Stop-and-start uncertainty had threatened deployment of the latest iteration of the Einstein automated intrusion-detection program.
Like thousands of other employees, the Homeland Security Department's procurement managers breathed a sigh of relief March 3 after the congressional scramble to pass a DHS funding bill finally succeeded.
The action not only staved off tens of thousands of furloughs across the department, it probably saved the procurement staff from a domino effect of acquisition delays in the coming months. The funding bill could also be seen as a something of a gift for the department's 12th birthday on March 1.
"Congress has done a good thing. It has fully funded homeland security. It has provided our people a strong bipartisan vote of confidence in the importance of their work," Secretary Jeh Johnson said hours after the House voted.
"Now our men and women can return to the vital work of combatting terrorism, ensuring border security, port security, aviation security, cybersecurity and our other vital homeland security missions, without the uncertainty of a furlough or a delayed paycheck hanging over their heads," he said.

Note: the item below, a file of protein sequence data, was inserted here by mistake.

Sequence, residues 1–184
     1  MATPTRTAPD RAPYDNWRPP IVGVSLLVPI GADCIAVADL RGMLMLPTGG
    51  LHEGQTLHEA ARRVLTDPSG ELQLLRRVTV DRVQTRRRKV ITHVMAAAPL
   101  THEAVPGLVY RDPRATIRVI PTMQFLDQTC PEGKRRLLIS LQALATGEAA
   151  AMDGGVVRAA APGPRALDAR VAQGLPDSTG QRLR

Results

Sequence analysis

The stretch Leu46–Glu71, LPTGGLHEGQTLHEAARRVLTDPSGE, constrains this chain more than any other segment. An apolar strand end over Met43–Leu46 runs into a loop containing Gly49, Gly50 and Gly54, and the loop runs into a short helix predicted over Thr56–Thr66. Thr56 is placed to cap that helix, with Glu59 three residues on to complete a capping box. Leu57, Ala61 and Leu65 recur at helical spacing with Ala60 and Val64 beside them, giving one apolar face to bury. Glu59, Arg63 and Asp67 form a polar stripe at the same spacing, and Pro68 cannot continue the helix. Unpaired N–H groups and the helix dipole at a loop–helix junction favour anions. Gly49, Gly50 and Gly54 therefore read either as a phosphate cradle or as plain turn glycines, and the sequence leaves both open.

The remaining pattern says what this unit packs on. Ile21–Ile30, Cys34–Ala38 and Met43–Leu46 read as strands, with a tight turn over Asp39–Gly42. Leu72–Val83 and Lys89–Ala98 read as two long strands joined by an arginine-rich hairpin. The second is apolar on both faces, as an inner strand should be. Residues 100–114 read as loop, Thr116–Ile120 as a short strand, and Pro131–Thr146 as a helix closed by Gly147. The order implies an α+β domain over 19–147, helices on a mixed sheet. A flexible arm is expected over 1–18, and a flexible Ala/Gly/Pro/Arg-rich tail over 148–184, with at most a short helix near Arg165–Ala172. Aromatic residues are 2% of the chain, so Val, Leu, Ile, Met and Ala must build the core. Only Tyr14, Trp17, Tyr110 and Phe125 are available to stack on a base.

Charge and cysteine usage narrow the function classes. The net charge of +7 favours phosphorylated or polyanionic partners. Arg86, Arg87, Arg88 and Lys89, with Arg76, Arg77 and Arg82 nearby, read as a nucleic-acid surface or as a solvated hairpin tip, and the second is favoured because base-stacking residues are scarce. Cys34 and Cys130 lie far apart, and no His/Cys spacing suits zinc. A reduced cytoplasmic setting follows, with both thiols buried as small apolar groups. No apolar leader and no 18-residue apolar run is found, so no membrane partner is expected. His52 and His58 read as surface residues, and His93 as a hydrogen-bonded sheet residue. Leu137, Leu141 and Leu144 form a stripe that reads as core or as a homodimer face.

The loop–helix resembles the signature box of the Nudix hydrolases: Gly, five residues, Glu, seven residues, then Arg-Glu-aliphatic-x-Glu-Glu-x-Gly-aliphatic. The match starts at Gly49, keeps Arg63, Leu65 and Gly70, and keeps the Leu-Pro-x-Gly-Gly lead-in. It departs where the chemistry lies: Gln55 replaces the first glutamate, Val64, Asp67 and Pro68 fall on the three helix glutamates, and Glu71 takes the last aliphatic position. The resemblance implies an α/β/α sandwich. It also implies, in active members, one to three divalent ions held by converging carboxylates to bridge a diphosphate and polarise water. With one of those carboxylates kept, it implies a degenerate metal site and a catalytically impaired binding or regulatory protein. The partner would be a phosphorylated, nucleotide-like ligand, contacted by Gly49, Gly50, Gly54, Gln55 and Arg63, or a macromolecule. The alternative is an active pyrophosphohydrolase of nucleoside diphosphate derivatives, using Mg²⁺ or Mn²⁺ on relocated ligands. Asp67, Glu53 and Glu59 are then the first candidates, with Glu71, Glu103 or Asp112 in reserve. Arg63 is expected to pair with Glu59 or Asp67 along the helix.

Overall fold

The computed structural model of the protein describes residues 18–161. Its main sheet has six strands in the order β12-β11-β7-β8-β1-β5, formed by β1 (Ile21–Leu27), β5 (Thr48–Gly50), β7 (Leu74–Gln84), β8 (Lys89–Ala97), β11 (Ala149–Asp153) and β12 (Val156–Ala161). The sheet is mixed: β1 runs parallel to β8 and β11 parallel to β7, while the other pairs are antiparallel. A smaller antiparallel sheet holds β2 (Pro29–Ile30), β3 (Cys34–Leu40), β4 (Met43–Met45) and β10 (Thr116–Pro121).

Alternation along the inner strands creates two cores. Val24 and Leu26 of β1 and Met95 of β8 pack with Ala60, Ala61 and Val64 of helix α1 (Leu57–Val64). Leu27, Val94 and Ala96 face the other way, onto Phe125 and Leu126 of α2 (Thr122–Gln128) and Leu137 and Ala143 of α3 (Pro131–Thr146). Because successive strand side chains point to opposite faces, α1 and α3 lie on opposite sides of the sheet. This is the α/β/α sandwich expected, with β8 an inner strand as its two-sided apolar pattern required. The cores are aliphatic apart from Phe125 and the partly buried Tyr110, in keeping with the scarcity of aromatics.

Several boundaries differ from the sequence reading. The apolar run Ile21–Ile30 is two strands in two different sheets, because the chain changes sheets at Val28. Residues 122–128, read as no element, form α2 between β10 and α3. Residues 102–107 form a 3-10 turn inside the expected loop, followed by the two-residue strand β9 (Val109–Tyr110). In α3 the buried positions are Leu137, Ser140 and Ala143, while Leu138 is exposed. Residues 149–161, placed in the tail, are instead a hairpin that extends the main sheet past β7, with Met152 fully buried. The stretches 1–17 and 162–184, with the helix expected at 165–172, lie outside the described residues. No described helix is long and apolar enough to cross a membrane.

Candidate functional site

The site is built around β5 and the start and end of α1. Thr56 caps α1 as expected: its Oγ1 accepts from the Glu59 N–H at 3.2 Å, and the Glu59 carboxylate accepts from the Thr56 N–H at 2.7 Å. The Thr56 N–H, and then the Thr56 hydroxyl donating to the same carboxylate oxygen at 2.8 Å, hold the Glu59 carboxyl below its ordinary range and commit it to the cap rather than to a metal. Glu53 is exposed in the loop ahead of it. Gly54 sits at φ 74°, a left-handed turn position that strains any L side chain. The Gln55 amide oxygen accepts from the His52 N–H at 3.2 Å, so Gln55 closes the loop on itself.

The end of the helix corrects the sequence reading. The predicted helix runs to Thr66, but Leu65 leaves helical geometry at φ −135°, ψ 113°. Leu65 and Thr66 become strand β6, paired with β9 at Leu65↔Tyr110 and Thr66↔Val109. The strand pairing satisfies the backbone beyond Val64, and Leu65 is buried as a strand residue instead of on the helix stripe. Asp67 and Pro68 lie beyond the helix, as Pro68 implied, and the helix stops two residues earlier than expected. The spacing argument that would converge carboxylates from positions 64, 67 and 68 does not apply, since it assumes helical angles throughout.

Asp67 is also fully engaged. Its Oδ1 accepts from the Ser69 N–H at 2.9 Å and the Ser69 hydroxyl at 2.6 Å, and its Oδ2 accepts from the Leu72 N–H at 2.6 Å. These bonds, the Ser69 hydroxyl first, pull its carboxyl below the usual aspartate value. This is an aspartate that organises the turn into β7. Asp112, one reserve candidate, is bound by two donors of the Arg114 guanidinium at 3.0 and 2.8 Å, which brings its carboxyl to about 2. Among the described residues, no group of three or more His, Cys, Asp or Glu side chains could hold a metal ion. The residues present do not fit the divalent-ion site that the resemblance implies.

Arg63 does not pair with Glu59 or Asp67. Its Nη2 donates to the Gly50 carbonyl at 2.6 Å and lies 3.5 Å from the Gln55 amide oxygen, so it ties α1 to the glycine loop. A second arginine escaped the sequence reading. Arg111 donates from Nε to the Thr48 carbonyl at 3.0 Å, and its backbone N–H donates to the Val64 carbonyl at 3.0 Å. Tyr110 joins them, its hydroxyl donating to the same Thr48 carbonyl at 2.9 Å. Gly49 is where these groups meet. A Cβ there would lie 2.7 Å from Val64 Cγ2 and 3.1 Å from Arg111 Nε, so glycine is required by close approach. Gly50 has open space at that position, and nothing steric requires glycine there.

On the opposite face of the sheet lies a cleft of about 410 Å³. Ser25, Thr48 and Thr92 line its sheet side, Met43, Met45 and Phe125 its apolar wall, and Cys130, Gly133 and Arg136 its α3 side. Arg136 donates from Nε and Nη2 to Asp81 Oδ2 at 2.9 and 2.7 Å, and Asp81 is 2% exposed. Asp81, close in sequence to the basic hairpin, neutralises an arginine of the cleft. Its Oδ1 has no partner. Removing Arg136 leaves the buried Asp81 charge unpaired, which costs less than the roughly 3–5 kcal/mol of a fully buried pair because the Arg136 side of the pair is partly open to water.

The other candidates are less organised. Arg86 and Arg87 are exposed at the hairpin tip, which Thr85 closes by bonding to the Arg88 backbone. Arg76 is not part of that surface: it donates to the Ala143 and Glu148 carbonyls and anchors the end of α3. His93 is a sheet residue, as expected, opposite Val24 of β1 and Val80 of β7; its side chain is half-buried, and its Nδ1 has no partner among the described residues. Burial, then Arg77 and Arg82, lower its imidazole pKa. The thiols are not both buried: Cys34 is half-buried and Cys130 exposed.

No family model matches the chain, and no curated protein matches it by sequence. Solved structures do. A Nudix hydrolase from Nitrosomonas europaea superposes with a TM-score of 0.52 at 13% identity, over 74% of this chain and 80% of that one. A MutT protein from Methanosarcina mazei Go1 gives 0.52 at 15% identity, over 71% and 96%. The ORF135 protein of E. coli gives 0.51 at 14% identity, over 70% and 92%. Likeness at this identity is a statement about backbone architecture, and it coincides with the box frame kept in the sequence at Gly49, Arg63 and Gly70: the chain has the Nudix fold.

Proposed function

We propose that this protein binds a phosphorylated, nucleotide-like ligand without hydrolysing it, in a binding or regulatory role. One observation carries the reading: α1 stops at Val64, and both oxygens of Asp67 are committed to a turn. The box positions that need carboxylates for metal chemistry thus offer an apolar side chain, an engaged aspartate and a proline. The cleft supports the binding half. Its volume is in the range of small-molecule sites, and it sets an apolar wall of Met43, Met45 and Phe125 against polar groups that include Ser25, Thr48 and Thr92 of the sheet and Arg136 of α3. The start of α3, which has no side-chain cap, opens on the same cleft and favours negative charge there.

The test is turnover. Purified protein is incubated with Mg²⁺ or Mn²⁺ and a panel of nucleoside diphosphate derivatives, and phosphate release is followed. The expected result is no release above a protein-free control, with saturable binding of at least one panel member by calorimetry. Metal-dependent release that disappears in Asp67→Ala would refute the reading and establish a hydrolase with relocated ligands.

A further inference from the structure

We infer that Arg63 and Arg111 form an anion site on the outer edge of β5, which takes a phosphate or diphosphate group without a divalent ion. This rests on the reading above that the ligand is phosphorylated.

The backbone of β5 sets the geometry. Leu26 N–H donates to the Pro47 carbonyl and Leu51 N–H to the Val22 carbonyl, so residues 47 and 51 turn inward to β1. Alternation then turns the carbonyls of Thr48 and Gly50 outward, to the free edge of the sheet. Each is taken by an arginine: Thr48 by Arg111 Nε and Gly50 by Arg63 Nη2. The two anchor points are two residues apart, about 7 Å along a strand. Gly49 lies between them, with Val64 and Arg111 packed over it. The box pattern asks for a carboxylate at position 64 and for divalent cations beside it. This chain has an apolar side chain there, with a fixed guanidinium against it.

That stop-and-start uncertainty had been weighing heavily on department procurement managers as Congress took weeks to stutter-step toward a resolution. At the ACT-IAC acquisition conference held in Washington just hours ahead of the House vote, a few of those managers winced when asked what effect a shutdown or even another short-term continuing resolution would have on their work.
Before the shutdown, Andy Ozment, assistant secretary of the Office of Cybersecurity and Communications at the National Protection and Programs Directorate, had warned that a shutdown "grinds to a halt" some acquisition programs and the department's efforts to bring more agencies onboard Einstein 3A, the latest iteration of the automated intrusion-detection program.
Soraya Correa, DHS' chief procurement officer, told FCW on Feb. 3 that "continuing resolutions bring uncertainty" to the procurement process as well. The effects of a shutdown or a series of short-term spending bills wouldn't be felt immediately, but over time, according to Correa. "The burden comes later this year, as projects roll forward," she told FCW after her keynote speech at the ACT-IAC conference.
Other DHS procurement managers said on background they were very concerned that short-term solutions might be just as bad as a shutdown as far as procurement is concerned. They said there wasn't anything stuck in the acquisition pipeline as a result of a looming shutdown, but they were wary of possible log jams in the coming months.